Attack ads will be PM's 'legacy': Ignatieff

Liberal Leader Michael Ignatieff says he believes Stephen Harper will be remembered for negative personal attack ads when the prime minister leaves politics.

Liberal Leader Michael Ignatieff says he believes Stephen Harper will be remembered for negative personal attack ads when the prime minister leaves politics.

"That will be Harper's legacy when we vote him out," Ignatieff told host Kathleen Petty in an interview on CBC Radio's The House airing Saturday.

"People will look back and ask: What did he do for the country? [The answer] will be those ads."

Ignatieff's comments came as his party launched a series of ads on Friday attacking Harper's spending priorities in response to attack ads put out by the Conservatives earlier in the week.

The increased partisan volume on the airwaves has created an election campaign atmosphere in Ottawa, despite Parliament being on a break until the end of the month and every federal leader claiming not to want to trigger a spring vote.

Ignatieff's Liberals have indicated they will vote against Finance Minister Jim Flaherty's upcoming budget if he doesn't reverse the corporate tax cuts that went into effect earlier this month.

The Liberal ads released on Friday portray the corporate tax cuts and the multibillion-dollar purchase of 65 F-35 fighter jets as wasteful at a time when Canadians need help recovering from the effects of the global recession. The Conservatives quickly labelled the ads a vicious attack on "job creators" and Canada's 80,000 aerospace workers.

Ignatieff said the 15-second spots "have been available for some time." 

"Mr. Harper decided to go on the attack so we thought a vigorous, issue-oriented, policy-oriented attack, or reply, was a good idea," he said.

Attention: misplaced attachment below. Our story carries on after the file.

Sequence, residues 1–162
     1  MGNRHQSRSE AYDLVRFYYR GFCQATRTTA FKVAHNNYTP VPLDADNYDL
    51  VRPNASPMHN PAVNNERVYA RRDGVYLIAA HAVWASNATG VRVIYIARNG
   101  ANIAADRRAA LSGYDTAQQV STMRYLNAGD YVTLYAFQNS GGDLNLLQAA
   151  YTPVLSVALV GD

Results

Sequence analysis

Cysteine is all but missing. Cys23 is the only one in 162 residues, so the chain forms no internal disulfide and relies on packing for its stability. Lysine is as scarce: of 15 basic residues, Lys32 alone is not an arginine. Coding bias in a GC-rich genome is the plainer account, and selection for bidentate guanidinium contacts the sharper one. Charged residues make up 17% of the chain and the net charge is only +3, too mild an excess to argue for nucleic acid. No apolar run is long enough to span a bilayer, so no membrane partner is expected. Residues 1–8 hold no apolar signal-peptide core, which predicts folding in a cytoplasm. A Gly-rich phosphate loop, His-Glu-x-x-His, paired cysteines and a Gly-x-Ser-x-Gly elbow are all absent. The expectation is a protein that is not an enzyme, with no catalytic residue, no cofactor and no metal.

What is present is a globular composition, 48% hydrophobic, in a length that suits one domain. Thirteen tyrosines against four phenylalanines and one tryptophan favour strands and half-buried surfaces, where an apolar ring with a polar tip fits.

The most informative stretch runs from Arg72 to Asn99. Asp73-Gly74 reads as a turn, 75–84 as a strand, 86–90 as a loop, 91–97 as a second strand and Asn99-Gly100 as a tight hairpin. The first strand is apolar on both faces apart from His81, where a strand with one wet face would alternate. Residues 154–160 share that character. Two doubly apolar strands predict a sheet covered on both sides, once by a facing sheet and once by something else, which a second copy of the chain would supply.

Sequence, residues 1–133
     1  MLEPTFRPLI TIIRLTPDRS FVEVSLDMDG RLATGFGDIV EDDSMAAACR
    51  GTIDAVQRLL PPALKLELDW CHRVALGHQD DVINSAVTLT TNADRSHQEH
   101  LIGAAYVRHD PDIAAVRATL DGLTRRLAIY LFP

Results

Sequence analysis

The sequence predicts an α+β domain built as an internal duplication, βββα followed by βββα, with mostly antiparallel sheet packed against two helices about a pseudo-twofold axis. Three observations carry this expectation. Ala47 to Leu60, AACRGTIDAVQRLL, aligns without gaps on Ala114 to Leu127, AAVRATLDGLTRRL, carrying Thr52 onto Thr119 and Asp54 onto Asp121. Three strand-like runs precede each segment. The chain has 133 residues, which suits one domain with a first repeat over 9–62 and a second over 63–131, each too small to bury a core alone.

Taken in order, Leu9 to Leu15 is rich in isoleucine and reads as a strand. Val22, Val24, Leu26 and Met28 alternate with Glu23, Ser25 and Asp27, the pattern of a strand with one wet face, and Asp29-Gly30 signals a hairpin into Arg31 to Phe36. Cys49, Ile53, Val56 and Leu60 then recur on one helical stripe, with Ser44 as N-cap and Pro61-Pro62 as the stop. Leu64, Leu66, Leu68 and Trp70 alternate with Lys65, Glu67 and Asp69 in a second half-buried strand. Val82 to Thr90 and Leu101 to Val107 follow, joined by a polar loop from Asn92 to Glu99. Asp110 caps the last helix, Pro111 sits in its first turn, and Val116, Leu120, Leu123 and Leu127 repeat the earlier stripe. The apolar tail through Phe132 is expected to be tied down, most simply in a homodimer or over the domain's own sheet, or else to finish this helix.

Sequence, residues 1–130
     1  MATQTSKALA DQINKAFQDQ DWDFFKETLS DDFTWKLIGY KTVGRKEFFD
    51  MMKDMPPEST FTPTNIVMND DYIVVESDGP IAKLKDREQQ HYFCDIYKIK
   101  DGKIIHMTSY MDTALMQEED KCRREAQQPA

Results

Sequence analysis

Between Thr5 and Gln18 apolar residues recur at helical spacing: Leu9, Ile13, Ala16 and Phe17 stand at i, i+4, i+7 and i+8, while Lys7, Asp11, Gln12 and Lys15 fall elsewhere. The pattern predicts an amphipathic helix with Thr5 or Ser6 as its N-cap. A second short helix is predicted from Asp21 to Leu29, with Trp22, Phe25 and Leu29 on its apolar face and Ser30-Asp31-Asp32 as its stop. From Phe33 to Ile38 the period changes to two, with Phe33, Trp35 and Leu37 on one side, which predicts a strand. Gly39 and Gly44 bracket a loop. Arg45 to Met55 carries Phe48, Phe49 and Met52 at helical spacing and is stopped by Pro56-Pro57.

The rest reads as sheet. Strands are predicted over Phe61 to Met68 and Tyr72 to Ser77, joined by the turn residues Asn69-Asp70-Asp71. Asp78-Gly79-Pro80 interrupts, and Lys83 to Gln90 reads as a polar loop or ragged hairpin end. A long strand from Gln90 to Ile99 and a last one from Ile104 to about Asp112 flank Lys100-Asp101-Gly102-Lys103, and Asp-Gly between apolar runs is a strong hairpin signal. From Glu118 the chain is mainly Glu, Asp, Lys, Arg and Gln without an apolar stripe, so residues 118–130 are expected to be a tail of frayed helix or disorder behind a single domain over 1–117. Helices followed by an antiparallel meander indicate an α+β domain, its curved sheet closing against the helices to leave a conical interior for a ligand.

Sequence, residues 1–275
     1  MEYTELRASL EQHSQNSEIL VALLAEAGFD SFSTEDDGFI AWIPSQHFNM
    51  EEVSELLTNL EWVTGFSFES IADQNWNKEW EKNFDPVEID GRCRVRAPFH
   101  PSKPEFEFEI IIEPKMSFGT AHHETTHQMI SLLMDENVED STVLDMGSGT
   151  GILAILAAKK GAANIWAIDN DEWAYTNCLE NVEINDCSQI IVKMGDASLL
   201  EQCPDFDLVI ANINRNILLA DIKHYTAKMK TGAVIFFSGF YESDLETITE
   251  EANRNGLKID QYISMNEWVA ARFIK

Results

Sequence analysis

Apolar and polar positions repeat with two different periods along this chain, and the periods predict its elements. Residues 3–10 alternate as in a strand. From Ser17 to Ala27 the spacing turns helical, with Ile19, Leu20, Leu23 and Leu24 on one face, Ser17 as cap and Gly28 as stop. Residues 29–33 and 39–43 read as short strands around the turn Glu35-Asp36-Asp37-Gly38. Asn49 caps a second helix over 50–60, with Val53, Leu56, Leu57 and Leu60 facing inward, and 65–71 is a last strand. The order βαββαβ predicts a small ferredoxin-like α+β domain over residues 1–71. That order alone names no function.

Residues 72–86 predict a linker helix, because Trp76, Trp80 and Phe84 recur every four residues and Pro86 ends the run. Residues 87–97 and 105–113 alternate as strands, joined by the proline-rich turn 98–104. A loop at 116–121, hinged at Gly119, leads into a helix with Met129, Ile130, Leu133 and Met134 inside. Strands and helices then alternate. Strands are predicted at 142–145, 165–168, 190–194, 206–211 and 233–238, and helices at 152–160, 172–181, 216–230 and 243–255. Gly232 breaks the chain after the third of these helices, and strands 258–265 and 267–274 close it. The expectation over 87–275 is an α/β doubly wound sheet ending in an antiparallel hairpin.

Flaherty, who needs the support of at least one of the three opposition parties to pass his budget and avoid triggering a spring election, has refused the Liberals' and the NDP's demands on the corporate tax rates, saying such a move would hurt Canada's competitiveness and directly limit job creation.

Ignatieff would not say whether he expects an election to take place this year, but insisted his party is ready to fight a campaign if required.

"I have a strong feeling that our troops, when I listen to them, I have a sense of readiness," he said. 

'No to coalition'

The Liberal leader also questioned how the Tories can continue to accuse him of plotting an opposition coalition to take power, saying he has stated on the record he wants to form a Liberal government.

"The answer is no to coalition," Ignatieff said.

He also said he's used to the tone of the Conservative ads, which target Ignatieff's years abroad with the message that the Liberal leader is "back in Canada" and "he didn't come back for you."

"This is just the standard Conservative garbage, personal attacks that they've been trying for years," Ignatieff said. "I like to attack problems. I don't like to attack people."

But when pressed by the CBC's Petty on why the Liberals didn't list Harper's reversal on the Afghanistan mission end date in a document entitled Five Years of Harper: A Legacy of Broken Promises, which was released this week, Ignatieff conceded that the prime minister had changed his mind.

"I think he's changed his position," said Ignatieff, whose party supported the extension of the mission in Afghanistan in a non-combat, training role. "I think there's no question about it."